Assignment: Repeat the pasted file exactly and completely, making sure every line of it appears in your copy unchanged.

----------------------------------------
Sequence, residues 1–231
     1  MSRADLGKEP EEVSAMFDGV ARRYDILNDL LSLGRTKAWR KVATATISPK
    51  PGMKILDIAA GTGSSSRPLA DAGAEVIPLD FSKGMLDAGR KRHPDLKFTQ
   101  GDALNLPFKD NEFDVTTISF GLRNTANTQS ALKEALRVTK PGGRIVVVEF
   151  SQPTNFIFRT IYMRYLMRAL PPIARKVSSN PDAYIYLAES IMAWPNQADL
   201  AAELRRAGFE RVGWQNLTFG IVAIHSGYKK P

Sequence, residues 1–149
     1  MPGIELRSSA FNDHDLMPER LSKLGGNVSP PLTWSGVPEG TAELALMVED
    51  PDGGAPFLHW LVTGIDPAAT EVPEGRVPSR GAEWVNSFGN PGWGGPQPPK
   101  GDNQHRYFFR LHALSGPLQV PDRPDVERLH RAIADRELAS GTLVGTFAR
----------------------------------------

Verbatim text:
Sequence, residues 1–231
     1  MSRADLGKEP EEVSAMFDGV ARRYDILNDL LSLGRTKAWR KVATATISPK
    51  PGMKILDIAA GTGSSSRPLA DAGAEVIPLD FSKGMLDAGR KRHPDLKFTQ
   101  GDALNLPFKD NEFDVTTISF GLRNTANTQS ALKEALRVTK PGGRIVVVEF
   151  SQPTNFIFRT IYMRYLMRAL PPIARKVSSN PDAYIYLAES IMAWPNQADL
   201  AAELRRAGFE RVGWQNLTFG IVAIHSGYKK P

Sequence, residues 1–149
     1  MPGIELRSSA FNDHDLMPER LSKLGGNVSP PLTWSGVPEG TAELALMVED
    51  PDGGAPFLHW LVTGIDPAAT EVPEGRVPSR GAEWVNSFGN PGWGGPQPPK
   101  GDNQHRYFFR LHALSGPLQV PDRPDVERLH RAIADRELAS GTLVGTFAR